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A grocery store security guard takes peoples temperatures prior to allowing them into the store in downtown Vancouver on April 29, 2020.

JONATHAN HAYWARD/The Canadian Press

When employees at boot manufacturer Royer headed back to work last week, their days started with a temperature check as they filed in to the Quebec-based company’s facilities while remaining at least six feet apart.

They were asked whether they had a runny nose, cough, cold or trouble breathing. Reminders to wash their hands regularly were handed out along with face masks and visors before anyone made it to a work station. At lunch time, workers noticed microwaves had been removed to keep them from spreading germs.

“The first day was complicated, with patience needed for everybody,” said Claude O’Reilly, Royer’s executive manager of Canadian operations. “Then after that – it’s been two weeks now – there’s no complaints, no questions, no nothing.”

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Royer was among the first wave of businesses that reopened in the midst of COVID-19, helping create a blueprint for the scores of companies that will soon follow suit in Quebec, Saskatchewan and Prince Edward Island.

Those provinces are the first to attempt a gradual return to work – a time-consuming and sometimes costly process that will come with plenty of changes to facilities, policies and interactions on the job.

Before they returned to work, O’Reilly said Royer pored over government and public health guidance and liaised with its union to come up with precautionary measures. Gallons of hand sanitizer and alcohol disinfectant were purchased.

Those who sew some of the boot parts already have distance between their machines and don’t face each other, which made the return to work easy for them, said O’Reilly.

In Regina, chief executive Greg Dukart is preparing to restart golfing at the Wascana Country Club, where Brooke Henderson won the CP Women’s Open in 2018.

“There is great excitement, because at one time there was a thought that there would be no golf or golf in the fall and that really petrified a lot of people,” he said.

On May 15, when the private club opens, golfers will be met by an attendant outdoors, who will answer questions and explain the changes.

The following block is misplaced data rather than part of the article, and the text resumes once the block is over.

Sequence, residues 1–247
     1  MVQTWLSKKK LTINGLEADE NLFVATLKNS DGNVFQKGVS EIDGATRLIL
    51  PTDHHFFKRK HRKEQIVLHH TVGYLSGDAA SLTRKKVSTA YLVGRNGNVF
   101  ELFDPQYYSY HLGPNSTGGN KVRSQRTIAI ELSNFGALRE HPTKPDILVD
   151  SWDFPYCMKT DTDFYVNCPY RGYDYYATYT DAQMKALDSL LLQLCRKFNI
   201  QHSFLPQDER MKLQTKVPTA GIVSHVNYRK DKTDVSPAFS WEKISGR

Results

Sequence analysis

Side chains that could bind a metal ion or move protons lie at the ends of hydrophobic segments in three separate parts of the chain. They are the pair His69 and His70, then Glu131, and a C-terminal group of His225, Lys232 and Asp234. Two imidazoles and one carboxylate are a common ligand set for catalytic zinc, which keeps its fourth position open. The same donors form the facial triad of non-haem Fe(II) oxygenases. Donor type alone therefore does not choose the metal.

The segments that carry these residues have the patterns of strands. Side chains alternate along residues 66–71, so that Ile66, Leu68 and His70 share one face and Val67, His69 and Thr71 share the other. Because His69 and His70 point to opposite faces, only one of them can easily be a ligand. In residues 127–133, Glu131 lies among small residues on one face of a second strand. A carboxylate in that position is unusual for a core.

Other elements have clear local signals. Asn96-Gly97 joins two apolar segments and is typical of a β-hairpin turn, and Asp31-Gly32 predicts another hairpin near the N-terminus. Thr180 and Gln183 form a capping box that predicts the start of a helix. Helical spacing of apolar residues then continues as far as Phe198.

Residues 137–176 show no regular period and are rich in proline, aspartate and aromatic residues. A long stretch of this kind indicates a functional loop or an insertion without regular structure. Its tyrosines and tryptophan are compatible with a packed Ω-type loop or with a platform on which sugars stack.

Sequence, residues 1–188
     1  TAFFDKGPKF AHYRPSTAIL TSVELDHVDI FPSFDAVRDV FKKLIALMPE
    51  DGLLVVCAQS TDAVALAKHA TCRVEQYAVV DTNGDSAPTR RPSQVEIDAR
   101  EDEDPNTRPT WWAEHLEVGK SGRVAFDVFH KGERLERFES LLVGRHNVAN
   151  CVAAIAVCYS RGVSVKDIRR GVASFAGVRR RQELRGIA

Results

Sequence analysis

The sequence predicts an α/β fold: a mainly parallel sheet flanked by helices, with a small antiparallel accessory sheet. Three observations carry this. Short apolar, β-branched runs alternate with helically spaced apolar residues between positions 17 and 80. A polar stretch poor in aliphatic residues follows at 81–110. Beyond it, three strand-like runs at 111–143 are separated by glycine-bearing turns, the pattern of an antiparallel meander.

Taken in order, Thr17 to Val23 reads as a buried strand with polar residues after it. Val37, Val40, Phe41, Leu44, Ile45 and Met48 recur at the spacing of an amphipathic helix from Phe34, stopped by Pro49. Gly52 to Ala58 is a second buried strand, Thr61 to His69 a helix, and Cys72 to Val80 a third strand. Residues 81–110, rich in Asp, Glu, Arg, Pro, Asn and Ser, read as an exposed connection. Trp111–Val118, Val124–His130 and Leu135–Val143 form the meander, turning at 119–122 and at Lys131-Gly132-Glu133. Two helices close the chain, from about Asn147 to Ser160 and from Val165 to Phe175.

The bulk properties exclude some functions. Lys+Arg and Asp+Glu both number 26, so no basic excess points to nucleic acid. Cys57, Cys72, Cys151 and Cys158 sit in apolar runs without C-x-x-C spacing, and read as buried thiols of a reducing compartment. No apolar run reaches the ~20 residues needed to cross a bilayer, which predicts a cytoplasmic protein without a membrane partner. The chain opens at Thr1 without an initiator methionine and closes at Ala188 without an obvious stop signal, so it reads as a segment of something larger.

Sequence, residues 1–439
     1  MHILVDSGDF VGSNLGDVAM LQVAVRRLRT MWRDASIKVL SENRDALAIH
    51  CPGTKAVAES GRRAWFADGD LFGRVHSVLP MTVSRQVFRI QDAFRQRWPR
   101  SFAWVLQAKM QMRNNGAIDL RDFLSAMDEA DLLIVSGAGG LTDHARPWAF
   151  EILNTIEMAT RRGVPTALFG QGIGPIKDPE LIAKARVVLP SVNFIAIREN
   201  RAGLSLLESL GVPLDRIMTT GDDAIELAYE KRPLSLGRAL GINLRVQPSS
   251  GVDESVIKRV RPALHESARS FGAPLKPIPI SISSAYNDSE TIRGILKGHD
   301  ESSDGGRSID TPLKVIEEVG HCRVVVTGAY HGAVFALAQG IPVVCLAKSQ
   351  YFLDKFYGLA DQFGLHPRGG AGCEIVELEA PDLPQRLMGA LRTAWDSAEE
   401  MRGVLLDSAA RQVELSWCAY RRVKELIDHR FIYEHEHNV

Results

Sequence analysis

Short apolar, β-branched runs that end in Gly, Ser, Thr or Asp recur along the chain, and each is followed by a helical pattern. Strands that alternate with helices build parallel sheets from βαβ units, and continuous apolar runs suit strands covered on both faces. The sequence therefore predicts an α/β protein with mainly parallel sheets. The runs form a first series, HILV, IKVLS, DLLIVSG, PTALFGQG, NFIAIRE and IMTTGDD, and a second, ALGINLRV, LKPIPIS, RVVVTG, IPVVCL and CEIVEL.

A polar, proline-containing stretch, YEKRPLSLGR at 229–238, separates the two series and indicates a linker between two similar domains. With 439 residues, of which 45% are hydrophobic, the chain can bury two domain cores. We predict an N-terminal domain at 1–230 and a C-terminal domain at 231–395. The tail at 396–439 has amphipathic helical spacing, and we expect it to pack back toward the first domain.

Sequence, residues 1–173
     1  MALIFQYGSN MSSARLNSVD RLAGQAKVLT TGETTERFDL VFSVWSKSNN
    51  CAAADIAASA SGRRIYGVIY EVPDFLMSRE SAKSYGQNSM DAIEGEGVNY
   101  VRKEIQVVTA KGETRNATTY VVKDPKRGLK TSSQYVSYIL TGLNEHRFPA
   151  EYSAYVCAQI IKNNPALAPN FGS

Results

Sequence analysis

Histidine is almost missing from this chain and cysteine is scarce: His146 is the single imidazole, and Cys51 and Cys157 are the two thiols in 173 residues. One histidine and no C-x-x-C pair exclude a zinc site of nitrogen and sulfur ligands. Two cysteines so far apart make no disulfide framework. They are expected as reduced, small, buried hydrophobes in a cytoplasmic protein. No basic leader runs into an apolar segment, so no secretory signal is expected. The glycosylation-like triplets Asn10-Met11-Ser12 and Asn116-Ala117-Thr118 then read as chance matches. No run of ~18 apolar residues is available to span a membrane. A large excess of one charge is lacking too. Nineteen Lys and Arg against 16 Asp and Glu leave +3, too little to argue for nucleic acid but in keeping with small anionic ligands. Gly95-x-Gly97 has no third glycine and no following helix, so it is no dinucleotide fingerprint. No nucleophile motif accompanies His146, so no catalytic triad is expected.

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The clubhouse will remain closed and there will be no ball washers or course furniture. Members will have access to items stored in their lockers and their clubs through a delivery service and the club will continue using its online lottery system to set up tee times and minimize contact.

Dukart said members who have heard about the changes have been understanding.

“It is what it is. It could be a heck of a lot worse with no golf,” he said.

Ontario has yet to begin the reopening of its economy, but this week unveiled industry-specific guidelines for when companies get the go-ahead.

Businesses, it said, should discourage sharing of telephones, keyboards, desks or workstations, reposition furniture to increase physical distances or install barriers and partitions, and stagger start times and breaks.

In the construction, agriculture and trucking industries, businesses are being told to plan for enough tools to be on site so workers don’t have to share, limit the number of people who use elevators and hoists at one time and disinfect trucks and equipment upon returning them.

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Auto companies are being advised to limit services and open on an appointment-only basis. If companies have service bays with little distance in between, the government recommends using every other one.

Even once up and running, it won’t necessarily be smooth sailing.

At Royer, O’Reilly said workers are concerned about warmer weather, worrying that wearing a mask is going to be hot.

“We’ll see how things pan out,” he said. “Maybe we will decide to work on the half days because it won’t be too hot for them.”

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